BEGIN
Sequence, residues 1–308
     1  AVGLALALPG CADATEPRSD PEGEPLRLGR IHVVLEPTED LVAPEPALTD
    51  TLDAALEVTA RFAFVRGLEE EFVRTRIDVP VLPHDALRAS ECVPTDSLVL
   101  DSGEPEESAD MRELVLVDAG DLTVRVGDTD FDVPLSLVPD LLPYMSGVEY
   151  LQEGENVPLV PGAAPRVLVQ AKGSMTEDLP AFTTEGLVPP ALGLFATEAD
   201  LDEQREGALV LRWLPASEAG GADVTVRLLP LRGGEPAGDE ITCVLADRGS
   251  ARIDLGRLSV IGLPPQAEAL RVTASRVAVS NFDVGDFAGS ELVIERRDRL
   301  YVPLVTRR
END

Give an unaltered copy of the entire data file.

Sequence, residues 1–308
     1  AVGLALALPG CADATEPRSD PEGEPLRLGR IHVVLEPTED LVAPEPALTD
    51  TLDAALEVTA RFAFVRGLEE EFVRTRIDVP VLPHDALRAS ECVPTDSLVL
   101  DSGEPEESAD MRELVLVDAG DLTVRVGDTD FDVPLSLVPD LLPYMSGVEY
   151  LQEGENVPLV PGAAPRVLVQ AKGSMTEDLP AFTTEGLVPP ALGLFATEAD
   201  LDEQREGALV LRWLPASEAG GADVTVRLLP LRGGEPAGDE ITCVLADRGS
   251  ARIDLGRLSV IGLPPQAEAL RVTASRVAVS NFDVGDFAGS ELVIERRDRL
   301  YVPLVTRR